Clearing A Type 1 Malfunction With A Tap Rack Bang Drill
Someone once said that the loudest sound in a gunfight is a click when there should have been a bang. Having your gun malfunction on the range and go “click” when it should have gone “bang” is an inconvenience, and a malfunction in a shooting match means you might lose the match. A malfunction in a gunfight, however, means you might lose something much more valuable. This is why knowing how to quickly diagnose and clear a malfunction is an essential part of learning to be a better marksman.
Tap Rap Bang – For When Bang Doesn’t Happen When It Should
At their heart, guns are a mechanical device. The falling of a hammer, the movement of the firing pin, the ejection of the spent casing and loading of a new round are all mechanically based. As mechanical objects, they can wear down through use and break or suffer malfunctions. Over the next few weeks, we’ll take a look at how to deal with three different types of pistol malfunctions. The first malfunction we’ll look at is the failure to extract, or tap rack bang drill.
- A failure to extract, or Type 1 malfunction happens for one of two reasons:
- There is a round or a spent casing in the chamber, and the gun has not attempted to remove it from the chamber.
- There isn’t a round in the chamber, and you need to get one in there right quickly.
Identifying the problem is a crucial part of clearing a failure to extract and performing a tap rack bang drill. If you press the trigger on your pistol and nothing happens, you might be dealing with either an empty pistol with no magazine in it, a pistol with an improperly seated magazine, or a pistol that has fired, but has not extracted the round. Look at your gun: If the slide is closed, it’s probably time for a tap rack bang drill.
Clearing A Type 1 Malfunction
The procedure to clear these issues in a semi-automatic pistol is commonly known as a tap rack bang drill because those are the motions you perform to clear the malfunction.
- Firmly tap the base of the magazine in the pistol to make sure it is seated correctly
- Rack the slide to eject whatever is inside the chamber and/or load a new round from the magazine into the chamber
- Shoot… or not. This is the “Bang” part of “tap rack bang,” and it’s an optional step. For instance, if you’re in a two way gunfight and your attacker is still sending rounds your way, then “bang” is probably a good idea. However, if your opponent ceases to be a threat as you perform this drill, sending another round his way is probably a bad idea. This is why some instructors call this drill “tap rack assess” versus “tap rack bang.”
Hitting the base of the magazine in step one serves two functions. It ensures that you actually have a magazine in your gun (which happens more often than you might think). Firmly tapping on the magazine also makes sure your magazine is locked in place and can feed rounds into the gun. If that’s not the case, your pistol will shoot once, and then not shoot again, which is one way to have a type 1 malfunction.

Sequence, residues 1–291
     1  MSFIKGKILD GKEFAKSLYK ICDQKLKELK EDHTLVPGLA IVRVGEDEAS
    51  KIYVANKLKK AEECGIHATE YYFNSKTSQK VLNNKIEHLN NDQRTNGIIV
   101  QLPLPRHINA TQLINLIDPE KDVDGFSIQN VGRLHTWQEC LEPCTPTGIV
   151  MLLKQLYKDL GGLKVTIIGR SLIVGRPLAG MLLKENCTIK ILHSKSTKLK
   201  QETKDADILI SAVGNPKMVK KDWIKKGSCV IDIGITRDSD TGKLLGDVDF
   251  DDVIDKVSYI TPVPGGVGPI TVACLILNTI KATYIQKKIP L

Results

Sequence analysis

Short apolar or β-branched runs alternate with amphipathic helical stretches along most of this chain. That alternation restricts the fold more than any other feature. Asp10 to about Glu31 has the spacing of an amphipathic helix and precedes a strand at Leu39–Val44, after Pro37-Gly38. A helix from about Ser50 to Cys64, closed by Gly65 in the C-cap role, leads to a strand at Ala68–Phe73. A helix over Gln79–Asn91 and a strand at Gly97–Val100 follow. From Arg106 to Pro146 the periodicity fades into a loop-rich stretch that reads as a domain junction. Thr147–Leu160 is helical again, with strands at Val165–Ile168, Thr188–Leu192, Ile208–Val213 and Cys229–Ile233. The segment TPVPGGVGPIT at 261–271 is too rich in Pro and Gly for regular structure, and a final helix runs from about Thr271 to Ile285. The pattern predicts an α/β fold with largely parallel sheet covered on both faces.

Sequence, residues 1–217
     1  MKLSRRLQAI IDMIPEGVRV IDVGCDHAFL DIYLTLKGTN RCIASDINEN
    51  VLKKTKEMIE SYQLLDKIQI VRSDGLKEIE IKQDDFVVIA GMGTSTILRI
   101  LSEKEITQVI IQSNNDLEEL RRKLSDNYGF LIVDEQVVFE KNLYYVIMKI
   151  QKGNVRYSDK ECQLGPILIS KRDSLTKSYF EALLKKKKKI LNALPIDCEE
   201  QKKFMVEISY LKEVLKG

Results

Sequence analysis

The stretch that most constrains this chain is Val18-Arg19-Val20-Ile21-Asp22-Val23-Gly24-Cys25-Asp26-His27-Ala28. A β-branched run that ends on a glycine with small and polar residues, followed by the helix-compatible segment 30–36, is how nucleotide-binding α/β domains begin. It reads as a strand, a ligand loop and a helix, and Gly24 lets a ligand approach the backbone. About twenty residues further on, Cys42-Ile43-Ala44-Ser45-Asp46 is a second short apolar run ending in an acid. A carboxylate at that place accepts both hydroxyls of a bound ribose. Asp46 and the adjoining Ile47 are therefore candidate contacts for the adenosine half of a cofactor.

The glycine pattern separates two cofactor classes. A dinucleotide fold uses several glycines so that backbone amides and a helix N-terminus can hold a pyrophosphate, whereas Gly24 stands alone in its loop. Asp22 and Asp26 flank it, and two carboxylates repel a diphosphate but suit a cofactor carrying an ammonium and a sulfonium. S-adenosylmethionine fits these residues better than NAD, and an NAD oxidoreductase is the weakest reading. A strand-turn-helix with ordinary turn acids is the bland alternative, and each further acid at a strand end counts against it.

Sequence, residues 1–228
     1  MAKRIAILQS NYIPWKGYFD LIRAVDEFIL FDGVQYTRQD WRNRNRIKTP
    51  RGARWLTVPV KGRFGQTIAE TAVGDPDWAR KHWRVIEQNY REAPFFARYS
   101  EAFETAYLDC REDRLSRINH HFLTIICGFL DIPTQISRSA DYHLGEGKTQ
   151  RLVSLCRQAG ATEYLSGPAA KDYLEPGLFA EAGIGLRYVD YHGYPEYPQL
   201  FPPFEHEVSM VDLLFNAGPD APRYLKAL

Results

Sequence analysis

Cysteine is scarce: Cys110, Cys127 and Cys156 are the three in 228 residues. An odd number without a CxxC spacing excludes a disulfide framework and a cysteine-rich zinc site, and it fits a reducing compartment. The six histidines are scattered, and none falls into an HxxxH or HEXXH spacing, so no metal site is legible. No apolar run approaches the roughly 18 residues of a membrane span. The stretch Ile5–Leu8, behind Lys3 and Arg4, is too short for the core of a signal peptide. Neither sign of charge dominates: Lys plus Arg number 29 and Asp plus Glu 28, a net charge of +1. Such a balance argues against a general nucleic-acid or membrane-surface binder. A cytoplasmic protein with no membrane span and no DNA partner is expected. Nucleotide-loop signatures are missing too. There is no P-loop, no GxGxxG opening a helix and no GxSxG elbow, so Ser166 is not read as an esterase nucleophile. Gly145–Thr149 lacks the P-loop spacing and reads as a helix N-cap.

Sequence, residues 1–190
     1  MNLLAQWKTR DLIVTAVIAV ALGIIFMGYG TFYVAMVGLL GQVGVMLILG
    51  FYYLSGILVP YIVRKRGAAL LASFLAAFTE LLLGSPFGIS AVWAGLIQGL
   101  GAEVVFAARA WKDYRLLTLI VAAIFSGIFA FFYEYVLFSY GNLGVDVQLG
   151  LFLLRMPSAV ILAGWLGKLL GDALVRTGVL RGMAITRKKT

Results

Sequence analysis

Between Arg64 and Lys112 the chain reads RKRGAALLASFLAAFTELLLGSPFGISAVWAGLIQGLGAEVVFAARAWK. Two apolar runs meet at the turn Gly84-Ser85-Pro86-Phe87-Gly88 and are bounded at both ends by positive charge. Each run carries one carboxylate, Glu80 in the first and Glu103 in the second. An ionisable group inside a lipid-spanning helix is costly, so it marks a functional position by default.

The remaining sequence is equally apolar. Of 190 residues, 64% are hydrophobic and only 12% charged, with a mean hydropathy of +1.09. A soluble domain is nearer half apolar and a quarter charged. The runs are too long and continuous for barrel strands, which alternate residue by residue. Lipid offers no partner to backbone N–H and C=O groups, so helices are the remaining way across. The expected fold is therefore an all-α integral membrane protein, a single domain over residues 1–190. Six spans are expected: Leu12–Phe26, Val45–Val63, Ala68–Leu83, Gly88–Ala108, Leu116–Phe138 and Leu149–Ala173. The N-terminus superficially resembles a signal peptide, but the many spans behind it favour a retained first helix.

Rack It Up
The second step, racking the slide, also serves two purposes. If you need to perform a tap rack bang because the magazine wasn’t locked into your gun, racking the slide loads a round into the chamber and you’re ready to move on. If your gun malfunctioned because the spent casing from your last shot wasn’t extracted from the chamber and ejected from the gun, racking the slide clears it out and loads a fresh round from your (properly seated) magazine.
Bang, the last step, depends on the context of what’s going on around you. If you’re on the range shooting a drill or competing a shooting match, you need to make up for lost time in either a drill or a course of fire in a match, then by all means, make that last step “Bang” and move on to the next step.
Doesn’t Always End With A Bang
If, however, you unfortunately find yourself defending a life with your defensive pistol and you need to perform a tap, rang, bang, you may want to make that last part of the drill something other than bang. If your attacker is down and out of the fight, sending more rounds their way could be considered excessive force, which then could lead to a world of more legal hassles and even more problems.
Looking over these steps, it becomes clear that this is a drill that’s only useful for semi-automatic guns which feed rounds into the chamber via a magazine. If you run into these issues while using a revolver, skip all of these steps and just pull the trigger again. The cylinder will turn, and a fresh round will be ready for firing.
Knowing what to do when your gun doesn’t do what it’s supposed to is one of the biggest differences between an experienced gun owner and someone who likes shooting, but doesn’t know how to handle unusual situations. Practicing the tap, rack (and possibly) bang drill at home (without the “bang” part) during dry fire improves your familiarity with your firearm of choice and your gun handling skills. On top of this, knowing that you can quickly correct a malfunction when it happens increases your confidence in your marksmanship and your ability to deliver the shot on-demand. And if that’s not making the best out of a bad situation, what is?